April 25, 2018
Case name: Mangammal @ Thulasi and Anr. v. T.B. Raju & Ors.
Date of Judgment: April 19, 2018
In the case, the appellants were daughters of Late Shri T.G. Basuvan who died in 1979 and Respondent No. 1 was the brother of the appellants herein. Late T.G. Basuvan had left three properties consisting of agriculture land and dwelling house.
On account of some dispute, the appellants in the case instituted a partition suit and for separate possession of the suit properties. However, the Lower Courts in the case rejected the plea of the appellants and aggrieved by the same, the appellants approached the Supreme Court.
What is ancestral property?
To decide the issue at hand, the Two-Judge Bench of the Supreme Court delved into the concept of ancestral property. The Court stated that any property inherited upto four generations of male lineage from the father, father’s father or father’s father’s father i.e. father, grandfather etc., is termed as ancestral property. In other words, property inherited from mother, grandmother, uncle and even brother is not ancestral property. In ancestral property, the right of property accrues to the coparcener on birth.
Whether the appellants were entitled to claim partition in ancestral property in view of the amendment?
In this context, the Supreme Court remarked that prior to the amendment of 2005, it was only the male who would have been coparcener and entitled to claim the partition and share from the joint family property. On the other hand, daughter did not have any right to partition and to claim share in the ancestral property since she was not a coparcener. At the most, at the time of partition, she could only ask for reasonable maintenance and marriage expenses.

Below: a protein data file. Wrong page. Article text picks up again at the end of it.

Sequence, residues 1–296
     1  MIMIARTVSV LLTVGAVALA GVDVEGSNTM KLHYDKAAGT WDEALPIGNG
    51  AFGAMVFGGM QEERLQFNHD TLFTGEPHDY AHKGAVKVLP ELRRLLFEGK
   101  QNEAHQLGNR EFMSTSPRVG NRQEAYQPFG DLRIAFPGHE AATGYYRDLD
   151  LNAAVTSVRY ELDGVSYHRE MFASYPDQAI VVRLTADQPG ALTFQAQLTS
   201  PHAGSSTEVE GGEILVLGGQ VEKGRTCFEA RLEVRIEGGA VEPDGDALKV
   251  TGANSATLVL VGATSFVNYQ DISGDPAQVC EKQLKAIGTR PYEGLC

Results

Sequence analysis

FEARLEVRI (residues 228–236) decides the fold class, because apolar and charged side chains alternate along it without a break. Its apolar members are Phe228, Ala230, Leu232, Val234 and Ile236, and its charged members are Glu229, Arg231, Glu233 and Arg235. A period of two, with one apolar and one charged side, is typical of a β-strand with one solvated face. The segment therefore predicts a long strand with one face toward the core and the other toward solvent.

In view of the facts of the instant case, the Supreme Court opined that the father of the appellants, had only ancestral properties and he did not left behind any self-acquired properties.
- The Supreme Court in the case made reference to Section 29A introduced by the Hindu Succession (Tamil Nadu) Amendment Act of 1990. Thus, the effect of the said provision has been taken away in respect of daughters married before the commencement of Hindu Succession (Tamil Nadu) Amendment Act 1989 which came into force from 25.3.1989.
- The Court noted that on a plain reading of Section 29-A of the Act, it is evident that, inter-alia, daughter of a coparcener ought not to have been married at the time of commencement of the amendment of 1989. In other words, only un-married daughter of a coparcener is entitled to claim partition in the Hindu Joint Family Property.
- With reference to facts of the present case, the Court stated that both the appellants got married in or about 1984 i.e., prior to the commencement of the 1989 amendment. Therefore, in view of clause (iv) of the Section 29-A of the Hindu Succession (Tamil Nadu Amendment) Act, 1989, appellants could not institute the suit for partition and separate possession at first instance as they were not the coparceners.
- That Section 29A of the Hindu Succession Act, 1956 provides for the equal rights to daughter in coparcenary property. That the appellants were not the coparceners in the Hindu Joint Family Property in view of the 1989 amendment, hence, they had not been entitled to claim partition and separate possession at the very first instance.
In view of the aforesaid, the Supreme Court held partially allowed the appeal by holding that the appellants were not entitled to any share in coparcenary property since they were not the coparceners in view of 1989 amendment. However, on the death of their father and mother, appellants would get their property through succession.
The entire case can be accessed here.